Our Latest News

Exciting new proposal for Tasmania's South East Cape

16/10/2017

Award-winning local tourism operator Ian Johnstone can now progress a new project to lease and licence negotiations under the Tourism Opportunities in Tasmania's National Parks, Reserves and Crown Land process.More

Wineglass Bay track upgrade complete

16/10/2017

One of Tasmania's most iconic tourism experiences, the walk to Wineglass Bay from the lookout to the beach, has now re-opened after a $500,000 upgrade initiated through the Government's Tourism Infrastructure in Parks fund.
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Tourism opportunity for Tasman Island

12/10/2017

Tourists could soon enjoy the beautiful Tasman National Park from the air, as a change to the management plan could open it up for sensitive and appropriate aircraft access.More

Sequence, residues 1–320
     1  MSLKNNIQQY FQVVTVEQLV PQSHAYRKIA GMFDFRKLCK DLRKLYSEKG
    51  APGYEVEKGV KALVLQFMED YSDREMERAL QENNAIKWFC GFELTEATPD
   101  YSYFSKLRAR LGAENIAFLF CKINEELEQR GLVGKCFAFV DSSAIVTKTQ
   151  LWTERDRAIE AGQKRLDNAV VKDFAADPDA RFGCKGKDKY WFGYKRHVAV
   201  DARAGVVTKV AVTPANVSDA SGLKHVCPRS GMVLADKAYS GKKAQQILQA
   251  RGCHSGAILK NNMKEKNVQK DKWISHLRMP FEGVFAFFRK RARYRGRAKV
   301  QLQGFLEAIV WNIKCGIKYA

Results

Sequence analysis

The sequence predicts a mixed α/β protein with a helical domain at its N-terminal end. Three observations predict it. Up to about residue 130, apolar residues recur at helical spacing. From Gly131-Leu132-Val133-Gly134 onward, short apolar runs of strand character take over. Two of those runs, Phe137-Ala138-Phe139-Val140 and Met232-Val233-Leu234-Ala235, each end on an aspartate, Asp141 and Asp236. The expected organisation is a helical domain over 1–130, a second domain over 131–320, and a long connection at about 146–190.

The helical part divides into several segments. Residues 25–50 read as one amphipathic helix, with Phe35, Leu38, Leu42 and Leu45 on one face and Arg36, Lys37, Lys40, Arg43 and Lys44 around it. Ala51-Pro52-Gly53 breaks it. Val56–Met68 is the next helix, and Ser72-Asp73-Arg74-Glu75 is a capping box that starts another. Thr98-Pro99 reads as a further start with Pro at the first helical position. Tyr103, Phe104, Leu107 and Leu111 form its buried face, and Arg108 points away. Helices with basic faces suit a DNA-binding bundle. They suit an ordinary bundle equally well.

Aboriginal Heritage

British "Law"

According to the British, the settlement of Tasmania involved the takeover of unsettled land which the Aboriginals, as savages, had no claim to. The British believed that civilised people built structures and utilised the land, and that they were of the Christian faith.

Because the settlement was considered to involve land possessed by the British through discovery rather than conquest the Aboriginals automatically became British subjects. Had this also involved British citizenship then perhaps there would not have been such devastating impacts on the Aboriginals, however, from the onset they were not afforded any of the rights of British citizenship. As they were considered to be savages they had no rights to their land or land ownership - any attempts they made to defend what for centuries had been theirs was considered criminal in intent under British law. 

In one instance two Aboriginals were hung for the murders of around 5 settlers. Whilst there was no question of their guilt it is interesting to note that during the trial they were unable to give evidence to protect themselves or plead for a lesser sentence because they were not Christian.

For more information in relation to Aboriginal heritage within Tasmania see the Aboriginal Heritage Tasmania website: www.aboriginalheritage.tas.gov.au